Recipe: My Mother’s Brisket

Tuesday, March 26, 2013 - 08:40 AM

From the essay, "Kosher. Or Not." by Barbara Rushkoff, included in The Cassoulet Saved Our Marriage:

My Mother’s Brisket

My mom is one of those people who can look at a pot simmering and just know what to throw in. Sure, she does her taste-testing along the way, but usually she’s right on the money. Her brisket is the one dish that I can think about and almost taste. It is so good, so tender, so perfect, and the aroma of it when it is cooking is absolutely tantalizing. So, I’d like to share it with you.

The problem is that my mother cooks from intuition. With that, she mixes in stuff she’s gleaned from newspapers (one year she threw a can of Coca-Cola on the brisket—it was surprisingly delicious) and whatever her memory serves. When I approached her about a recipe for her brisket I was met with some very vague instructions, along with some asides that got thrown in for good measure.

First: Get thee to a kosher butcher. “Get a brisket, not too big, not too small.”

I wish I could tell you what not too big or not too small is, but you’ll have to figure it out for yourself. Get one that has no fat through the middle. Ask the kosher butcher; he will know.

Once you get the brisket home, rinse it in cold water and sprinkle it with salt, pepper, and garlic to taste. I can’t give you amounts. As my mother says, “You’ll know.”

Turn on your oven to 400˚F. When I asked my mother if she was sure, she asked me if I had a hot oven. I think so. Ovens are hot, right?

Get a large red onion, slice it, and put it on the bottom of the roasting pan with the meat on top (fat side down). My mother pours two cans of au jus gravy over the whole thing and then something she calls Gravy Master.

“What’s that?” I ask.

“It comes in a bottle,” she says, not really helping me.

“How much do I use?”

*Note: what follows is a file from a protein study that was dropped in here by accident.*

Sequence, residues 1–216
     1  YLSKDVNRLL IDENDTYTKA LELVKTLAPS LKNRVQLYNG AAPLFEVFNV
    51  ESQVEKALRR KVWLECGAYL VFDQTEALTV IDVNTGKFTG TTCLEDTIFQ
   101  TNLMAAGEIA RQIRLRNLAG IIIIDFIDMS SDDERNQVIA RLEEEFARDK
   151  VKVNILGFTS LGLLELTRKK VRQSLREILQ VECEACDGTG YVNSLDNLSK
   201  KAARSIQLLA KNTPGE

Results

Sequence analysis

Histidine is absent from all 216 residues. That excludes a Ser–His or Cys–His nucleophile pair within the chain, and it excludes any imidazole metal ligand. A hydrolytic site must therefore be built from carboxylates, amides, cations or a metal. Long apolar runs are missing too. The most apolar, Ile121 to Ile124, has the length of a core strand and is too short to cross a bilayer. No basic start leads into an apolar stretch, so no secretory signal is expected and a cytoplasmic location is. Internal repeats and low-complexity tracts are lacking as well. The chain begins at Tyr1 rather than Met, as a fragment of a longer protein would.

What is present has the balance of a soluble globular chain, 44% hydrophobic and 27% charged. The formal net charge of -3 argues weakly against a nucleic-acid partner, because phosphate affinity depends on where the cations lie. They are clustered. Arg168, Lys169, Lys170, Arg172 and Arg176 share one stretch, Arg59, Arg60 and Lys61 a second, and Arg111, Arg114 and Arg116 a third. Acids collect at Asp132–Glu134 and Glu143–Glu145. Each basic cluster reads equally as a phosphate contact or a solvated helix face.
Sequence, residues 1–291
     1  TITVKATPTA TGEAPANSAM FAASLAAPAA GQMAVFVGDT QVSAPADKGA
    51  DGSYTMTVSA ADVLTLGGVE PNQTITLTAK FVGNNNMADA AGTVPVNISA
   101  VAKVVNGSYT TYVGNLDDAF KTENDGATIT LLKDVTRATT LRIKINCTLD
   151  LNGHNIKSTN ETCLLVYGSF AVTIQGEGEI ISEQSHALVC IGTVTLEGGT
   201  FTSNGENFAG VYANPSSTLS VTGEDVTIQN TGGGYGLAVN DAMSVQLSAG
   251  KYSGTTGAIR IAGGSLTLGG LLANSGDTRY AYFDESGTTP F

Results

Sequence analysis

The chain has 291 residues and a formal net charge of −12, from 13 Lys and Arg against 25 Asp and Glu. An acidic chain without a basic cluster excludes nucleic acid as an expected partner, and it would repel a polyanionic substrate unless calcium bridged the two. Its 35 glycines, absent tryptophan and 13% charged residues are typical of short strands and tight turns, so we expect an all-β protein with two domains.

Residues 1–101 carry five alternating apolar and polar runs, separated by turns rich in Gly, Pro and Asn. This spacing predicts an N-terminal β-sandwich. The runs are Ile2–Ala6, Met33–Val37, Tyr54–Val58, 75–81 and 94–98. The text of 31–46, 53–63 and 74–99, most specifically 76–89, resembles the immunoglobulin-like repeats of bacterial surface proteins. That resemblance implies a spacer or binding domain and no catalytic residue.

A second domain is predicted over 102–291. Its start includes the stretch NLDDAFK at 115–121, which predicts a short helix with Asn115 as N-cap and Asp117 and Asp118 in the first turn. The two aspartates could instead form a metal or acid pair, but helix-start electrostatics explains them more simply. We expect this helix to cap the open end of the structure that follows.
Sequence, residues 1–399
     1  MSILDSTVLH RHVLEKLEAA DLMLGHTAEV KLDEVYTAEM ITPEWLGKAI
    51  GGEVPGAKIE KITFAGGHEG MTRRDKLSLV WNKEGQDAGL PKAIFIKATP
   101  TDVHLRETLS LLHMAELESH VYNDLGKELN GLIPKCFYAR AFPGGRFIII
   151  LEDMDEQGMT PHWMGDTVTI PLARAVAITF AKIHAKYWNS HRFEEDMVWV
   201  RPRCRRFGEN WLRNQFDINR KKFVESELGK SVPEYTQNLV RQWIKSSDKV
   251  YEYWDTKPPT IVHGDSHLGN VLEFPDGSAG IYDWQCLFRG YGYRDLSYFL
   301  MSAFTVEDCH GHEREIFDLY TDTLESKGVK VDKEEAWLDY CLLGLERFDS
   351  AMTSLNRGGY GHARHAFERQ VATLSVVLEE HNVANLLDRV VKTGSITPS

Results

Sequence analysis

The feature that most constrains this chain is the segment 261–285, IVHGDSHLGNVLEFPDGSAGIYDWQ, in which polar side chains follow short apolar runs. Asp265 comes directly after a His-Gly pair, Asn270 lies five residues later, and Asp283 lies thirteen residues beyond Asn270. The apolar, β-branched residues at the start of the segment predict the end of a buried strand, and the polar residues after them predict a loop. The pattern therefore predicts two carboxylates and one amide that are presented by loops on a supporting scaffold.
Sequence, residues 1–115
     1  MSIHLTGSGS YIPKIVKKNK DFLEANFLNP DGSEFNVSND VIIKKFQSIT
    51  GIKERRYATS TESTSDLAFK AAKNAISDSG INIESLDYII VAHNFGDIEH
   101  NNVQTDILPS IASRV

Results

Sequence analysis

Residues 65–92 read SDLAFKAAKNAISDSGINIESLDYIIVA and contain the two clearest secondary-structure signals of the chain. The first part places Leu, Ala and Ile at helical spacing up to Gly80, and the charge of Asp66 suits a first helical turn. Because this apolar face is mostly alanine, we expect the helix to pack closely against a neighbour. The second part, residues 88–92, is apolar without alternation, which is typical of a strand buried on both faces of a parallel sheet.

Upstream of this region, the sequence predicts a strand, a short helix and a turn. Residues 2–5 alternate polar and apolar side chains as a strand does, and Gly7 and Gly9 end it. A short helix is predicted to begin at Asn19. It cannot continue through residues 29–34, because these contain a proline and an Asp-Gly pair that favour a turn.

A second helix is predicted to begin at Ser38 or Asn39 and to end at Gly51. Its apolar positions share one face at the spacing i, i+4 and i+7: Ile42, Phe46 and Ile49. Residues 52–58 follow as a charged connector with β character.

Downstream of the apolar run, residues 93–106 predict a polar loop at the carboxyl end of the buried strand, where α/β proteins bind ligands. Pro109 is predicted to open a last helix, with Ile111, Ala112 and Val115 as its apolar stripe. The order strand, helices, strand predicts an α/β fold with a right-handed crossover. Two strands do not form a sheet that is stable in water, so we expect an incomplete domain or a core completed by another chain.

“A little bit.”

This is where I suggest nixing the Gravy Master and adding a packet of dry onion soup mix or a mixture of spices you like (example: paprika, garlic powder, salt, pepper). As I said, my mother used a can of Coca-Cola one year.

Cover the meat with a tight lid and put the meat in the oven. My mother likes to “start high” (400˚F) and then turn it down after an hour of cooking to 375˚F. It all depends on your oven, she says. She has a hot one. Do you?

Overall cooking time is 3 to 3½ hours. How do you know it’s done? It’s just one of those things that you “know.”After 3 to 3½ hours it really does finish cooking, and it’s perfect. Really.

And then, magically, you open the oven and have a wonderful brisket. Let it cool, slice, remove fat from the gravy, and serve. Enjoy!

From The Cassoulet Saved Our Marriage, © 2013 by Caroline M. Grant & Lisa Catherine Harper. Reprinted by arrangement with Roost Books, an imprint of Shambhala Publications Inc., Boston, MA.



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Comments [1]


As sweet and 'tongue in cheek' as this is written, seems that either you in translation, or momma, forgot a few important steps. Far be it for me to question momma but one has to wonder how its possible for her roasts to be as succulent as you remember... (maybe its all that love that made up for the dryness?):

1- Fat side up- don't remove the fat (so it acts as a 'baste' and drips down into the meat and protects it during cooking (when fat melts it lubricates the fibers as they are likely to get tougher under the heat). 2: A low oven goes with the long cooking time. The number 400 or even 375 should never factor in an expensive cut of brisket which needs to have its collagen melt over a long period of time: "Well Done Slow Cooked Meats: Falling apart tenderness collagen turns to gelatin at 160F/70C degrees. The meat will be drier, but at 160F the connective tissues containing collagen begins to dissolve into gelatin. With time, muscle fibers that had been held tightly together begin to easily spread apart. 3: Your piece never mentions moisture- other than that can of Coke -(as in brining, braising or poaching)to minimize moisture loss.

Although the fibers are still very stiff and dry the meat appears more tender since the gelatins provide succulence." (Science of Slow cooking: sous vide website). At 160°F/ 70°C connective tissue collagen begins to dissolve to gelatin. This, according to Harold McGee is a very lengthy process. The fibers are still stiff and dry but meat seems more tender. Source: Harold McGee -- On Food and Cooking.

Moral of the story is, mom's stories are fun to retell but are not to be taken with any seriousness by new cooks and with expensive cuts of meat- the poor victim who may just want to test your momma's theory will wind up with takeout!

Mar. 26 2013 01:02 PM

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